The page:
That “constant preference” required constant vigilance. The early U.S. statesmen looked to the ancient Roman republic as a model (“in creating something that has never yet existed,” a German political commentator later noted, political leaders “anxiously conjure up the spirits of the past to their service and borrow from them names, battle cries, and costumes in order to present the new scene of world history in this time-honored disguise and this borrowed language”).
But the founders also took from history the lesson that republics, like fish, rot from the head down. The moral authority, not just of this or that elected official, but of the whole government demanded the utmost scruple – otherwise, the whole society would end up as a fetid moral cesspool, like Europe. (The tendency to define American identity against the European other runs deep.)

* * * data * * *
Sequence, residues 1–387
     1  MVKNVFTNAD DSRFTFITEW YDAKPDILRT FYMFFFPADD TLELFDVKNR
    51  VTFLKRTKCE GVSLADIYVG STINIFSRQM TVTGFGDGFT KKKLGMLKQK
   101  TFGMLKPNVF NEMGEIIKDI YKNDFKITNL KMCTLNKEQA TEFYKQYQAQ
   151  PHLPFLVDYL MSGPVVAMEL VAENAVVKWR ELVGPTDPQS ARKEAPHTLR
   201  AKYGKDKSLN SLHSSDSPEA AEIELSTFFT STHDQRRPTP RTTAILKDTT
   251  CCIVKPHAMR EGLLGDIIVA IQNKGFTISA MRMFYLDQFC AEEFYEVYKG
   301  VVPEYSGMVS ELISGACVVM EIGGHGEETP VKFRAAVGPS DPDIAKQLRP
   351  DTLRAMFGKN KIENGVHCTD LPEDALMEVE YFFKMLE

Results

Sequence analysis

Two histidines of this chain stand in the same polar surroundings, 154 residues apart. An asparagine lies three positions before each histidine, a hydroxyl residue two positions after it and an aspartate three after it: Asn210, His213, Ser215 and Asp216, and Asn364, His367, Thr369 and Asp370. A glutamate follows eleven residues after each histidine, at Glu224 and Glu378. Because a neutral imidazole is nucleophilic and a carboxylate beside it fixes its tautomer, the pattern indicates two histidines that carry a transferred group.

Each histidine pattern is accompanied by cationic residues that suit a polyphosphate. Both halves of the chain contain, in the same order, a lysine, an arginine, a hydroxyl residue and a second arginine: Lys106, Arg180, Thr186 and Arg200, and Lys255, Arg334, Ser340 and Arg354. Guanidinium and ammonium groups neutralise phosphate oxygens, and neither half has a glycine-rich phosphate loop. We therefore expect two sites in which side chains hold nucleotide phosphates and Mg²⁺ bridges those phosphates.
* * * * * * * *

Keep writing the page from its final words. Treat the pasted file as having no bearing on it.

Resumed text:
Translating this rather anxious ideology into clear, sharp legislation was a major concern in the early republic, as Teachout recounts in sometimes entertaining detail. It was the diplomatic protocol of the day for a country’s dignitaries to present lavish gifts to foreign ambassadors -- as when the king of France gave diamond-encrusted snuffboxes, with his majesty’s portrait on them, to Benjamin Franklin and Thomas Jefferson. In Franklin’s case, at least, the gift expressed admiration and affection for him as an individual at least as much as it did respect for his official role.